- It’s bloody hilly
And by hills I don’t mean fair-weather, gently rolling mounds from the Teletubbies. I mean mountains. The Giro is notorious for putting its riders through tasty tests. A Tour is a tough challenge anyway, but there are many hearts and wills left behind in the Apennines, the Dolomites, and the Alps on past races. The weather is also a factor. A Giro can go from sun to pouring rain, from sand to snow.
- There’s a lot of pink
The maglia rosa is the Giro’s equivalent of the maillot jaune (the Tour de France’s coveted yellow jersey). I.e. it means a great deal to a lot of riders and fans, past and present. It’s an incredibly hard-earned jersey, worn on the backs of men who have conquered bad weather, steep inclines, chilling descents and the rest of the peleton.
Why pink? The colour reflects the pinkish hue of the famous Italian sports newspaper – La Gazzetta dello Sport – which sponsored the very first race in 1909.
- It’s starting in Northern Ireland this year
This year Belfast is going pink. Just like the Tour de France, the Giro d’Italia often has a Grand Depart in other cities around the world to bring a bit of Italian cycling flair to the rest of the world. In 2014, the race is starting in Belfast. This has given rise to a few concerns about getting the riders ready to start in Italy. To accommodate this, an early rest day has been placed on the race calendar so that the riders can recover from the travelling. Then the race kicks off on home soil in the heel of Italy, with a stage to Bari.
On Stage 3 of the Giro d’Italia in 2011 Wouter Weylandt – race number 108 – crashed on a descent from the Passo del Bocco. He reportedly turned his head to look behind him on this tricky descent, collided with a guard rail, and was killed instantly. He was only months away from becoming a father, and only 26 years old. Three years later, Trek Factory racing have parked up at the Giro d’Italia with WW108 pasted alongside the names of this year’s team. No doubt there will be other tributes to the young, sorely missed rider from the sport along this year’s route.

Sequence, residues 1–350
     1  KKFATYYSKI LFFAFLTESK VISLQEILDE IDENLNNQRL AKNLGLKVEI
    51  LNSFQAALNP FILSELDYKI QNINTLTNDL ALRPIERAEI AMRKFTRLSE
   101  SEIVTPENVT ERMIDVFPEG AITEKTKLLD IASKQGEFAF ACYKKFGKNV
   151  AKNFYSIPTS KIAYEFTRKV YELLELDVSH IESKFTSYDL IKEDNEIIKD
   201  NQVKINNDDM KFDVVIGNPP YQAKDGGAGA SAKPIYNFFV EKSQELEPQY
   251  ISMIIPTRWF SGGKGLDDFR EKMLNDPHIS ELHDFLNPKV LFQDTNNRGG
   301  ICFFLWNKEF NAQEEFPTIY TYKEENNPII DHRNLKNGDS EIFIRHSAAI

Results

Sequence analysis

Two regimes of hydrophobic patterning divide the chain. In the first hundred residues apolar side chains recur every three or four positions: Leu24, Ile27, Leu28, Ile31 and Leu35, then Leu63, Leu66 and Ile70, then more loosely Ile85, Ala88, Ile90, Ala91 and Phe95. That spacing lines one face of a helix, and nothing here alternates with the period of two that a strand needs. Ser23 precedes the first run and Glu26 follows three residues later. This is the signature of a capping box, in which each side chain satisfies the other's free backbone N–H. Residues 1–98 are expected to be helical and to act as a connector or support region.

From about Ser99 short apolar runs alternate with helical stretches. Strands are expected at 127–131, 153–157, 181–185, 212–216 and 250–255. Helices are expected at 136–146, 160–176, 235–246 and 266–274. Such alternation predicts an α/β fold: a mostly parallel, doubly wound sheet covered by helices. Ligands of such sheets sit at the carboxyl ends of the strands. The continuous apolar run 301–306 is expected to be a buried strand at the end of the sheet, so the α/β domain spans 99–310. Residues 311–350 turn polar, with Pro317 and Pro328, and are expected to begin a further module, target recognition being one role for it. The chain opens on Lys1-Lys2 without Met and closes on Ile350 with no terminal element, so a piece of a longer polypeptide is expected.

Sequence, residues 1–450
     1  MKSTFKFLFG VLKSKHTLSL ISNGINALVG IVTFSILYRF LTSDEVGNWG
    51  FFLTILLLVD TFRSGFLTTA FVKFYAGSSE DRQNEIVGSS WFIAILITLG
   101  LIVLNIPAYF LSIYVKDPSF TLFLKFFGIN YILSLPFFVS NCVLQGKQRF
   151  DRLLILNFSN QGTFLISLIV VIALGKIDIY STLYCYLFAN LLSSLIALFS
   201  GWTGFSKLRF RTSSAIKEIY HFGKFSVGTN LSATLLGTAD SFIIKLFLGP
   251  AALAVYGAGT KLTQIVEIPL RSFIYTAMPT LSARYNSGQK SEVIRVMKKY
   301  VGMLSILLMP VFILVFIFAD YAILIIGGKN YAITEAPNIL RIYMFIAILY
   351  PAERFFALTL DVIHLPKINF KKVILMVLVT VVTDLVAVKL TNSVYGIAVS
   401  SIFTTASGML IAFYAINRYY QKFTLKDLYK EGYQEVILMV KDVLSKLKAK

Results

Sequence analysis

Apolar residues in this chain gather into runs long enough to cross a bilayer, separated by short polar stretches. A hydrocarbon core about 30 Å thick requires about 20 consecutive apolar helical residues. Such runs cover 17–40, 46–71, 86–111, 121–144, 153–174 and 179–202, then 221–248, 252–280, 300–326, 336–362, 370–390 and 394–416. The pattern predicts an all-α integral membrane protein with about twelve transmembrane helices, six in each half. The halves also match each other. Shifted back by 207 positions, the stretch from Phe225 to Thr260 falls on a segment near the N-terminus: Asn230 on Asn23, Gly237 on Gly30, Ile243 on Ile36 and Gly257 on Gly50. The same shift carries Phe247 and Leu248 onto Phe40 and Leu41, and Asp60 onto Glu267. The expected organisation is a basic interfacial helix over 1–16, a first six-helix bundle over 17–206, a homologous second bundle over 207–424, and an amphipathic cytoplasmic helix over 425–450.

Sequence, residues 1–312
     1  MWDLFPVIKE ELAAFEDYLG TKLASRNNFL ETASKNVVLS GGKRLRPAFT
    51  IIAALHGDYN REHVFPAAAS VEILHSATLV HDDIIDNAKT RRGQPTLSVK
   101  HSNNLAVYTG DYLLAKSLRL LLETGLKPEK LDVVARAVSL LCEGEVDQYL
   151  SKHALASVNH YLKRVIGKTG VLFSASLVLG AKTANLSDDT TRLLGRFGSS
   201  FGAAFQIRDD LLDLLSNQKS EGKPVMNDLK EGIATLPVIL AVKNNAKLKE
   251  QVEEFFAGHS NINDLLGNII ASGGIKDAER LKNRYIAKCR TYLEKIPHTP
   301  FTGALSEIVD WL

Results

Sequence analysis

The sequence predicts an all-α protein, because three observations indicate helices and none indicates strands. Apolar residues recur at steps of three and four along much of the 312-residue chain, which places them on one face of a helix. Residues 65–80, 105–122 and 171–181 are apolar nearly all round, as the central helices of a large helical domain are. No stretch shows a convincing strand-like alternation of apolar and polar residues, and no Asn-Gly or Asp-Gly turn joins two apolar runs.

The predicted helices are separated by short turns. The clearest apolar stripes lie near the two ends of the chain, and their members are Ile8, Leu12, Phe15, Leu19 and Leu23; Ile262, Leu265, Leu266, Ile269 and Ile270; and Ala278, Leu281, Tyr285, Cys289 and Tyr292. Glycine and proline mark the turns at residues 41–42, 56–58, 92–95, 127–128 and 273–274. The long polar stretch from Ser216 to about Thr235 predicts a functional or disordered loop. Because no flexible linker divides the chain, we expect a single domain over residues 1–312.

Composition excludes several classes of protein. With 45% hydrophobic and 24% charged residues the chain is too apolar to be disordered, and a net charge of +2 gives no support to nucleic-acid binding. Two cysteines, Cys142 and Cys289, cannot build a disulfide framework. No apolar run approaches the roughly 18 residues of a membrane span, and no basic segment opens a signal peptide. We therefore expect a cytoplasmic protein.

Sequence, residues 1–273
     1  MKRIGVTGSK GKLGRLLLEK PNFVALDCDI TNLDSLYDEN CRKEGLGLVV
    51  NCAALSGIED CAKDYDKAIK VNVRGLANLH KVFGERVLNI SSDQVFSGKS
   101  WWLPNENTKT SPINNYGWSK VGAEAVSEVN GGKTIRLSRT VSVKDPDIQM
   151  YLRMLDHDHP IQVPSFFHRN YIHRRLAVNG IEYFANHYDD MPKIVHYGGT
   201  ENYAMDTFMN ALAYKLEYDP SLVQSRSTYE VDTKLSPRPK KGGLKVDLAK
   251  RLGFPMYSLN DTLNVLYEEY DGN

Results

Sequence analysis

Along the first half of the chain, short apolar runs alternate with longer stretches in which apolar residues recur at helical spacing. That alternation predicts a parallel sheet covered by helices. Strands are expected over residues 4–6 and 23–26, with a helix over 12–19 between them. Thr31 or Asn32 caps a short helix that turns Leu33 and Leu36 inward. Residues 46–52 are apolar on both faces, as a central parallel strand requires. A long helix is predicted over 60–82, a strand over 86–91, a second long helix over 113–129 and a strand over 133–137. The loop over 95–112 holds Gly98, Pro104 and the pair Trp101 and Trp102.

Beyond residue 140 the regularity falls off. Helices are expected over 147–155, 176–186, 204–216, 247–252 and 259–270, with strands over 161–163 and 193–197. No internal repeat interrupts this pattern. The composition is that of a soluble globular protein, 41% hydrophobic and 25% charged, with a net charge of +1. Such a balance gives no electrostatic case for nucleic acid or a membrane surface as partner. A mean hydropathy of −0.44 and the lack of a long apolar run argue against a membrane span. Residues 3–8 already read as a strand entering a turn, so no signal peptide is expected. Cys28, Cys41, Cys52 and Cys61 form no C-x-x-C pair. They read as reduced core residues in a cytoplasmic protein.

- The Italians love their cycling
The roar of the tifosi (the Italian cycling fans) following the peleton up and down the length of the country is the only evidence you need that Italy is a country full of cycling nuts. Like France during the Tour, the country is swept by Giro fever.
- So who is going to win?
Italy all but burst with pride last year when the Italian Vincenzo Nibali took the maglia rosa. But he’s not coming back for the race in 2014, and so there’s a certain spice to the race and the favourites lining up to take his crown. The Italians still have hopes in their old stalwart Ivan Basso (Cannondale), but there are other pretenders to the throne. Such as Nairo Quintana (Movistar), who sniffed glory when he came second in the 2013 Tour de France, but who has never done the Giro d’Italia. There are runners-up from years past to look out for, such as Joaquim Rodriguez (Katusha). And of course there will be plenty of teeth gnashing and wheel-spinning to get the coveted red jersey amongst the sprinters. Ahead of that list has to be the feisty German Marcel Kittel, but maybe the home crowd could inspire Italian Alessandro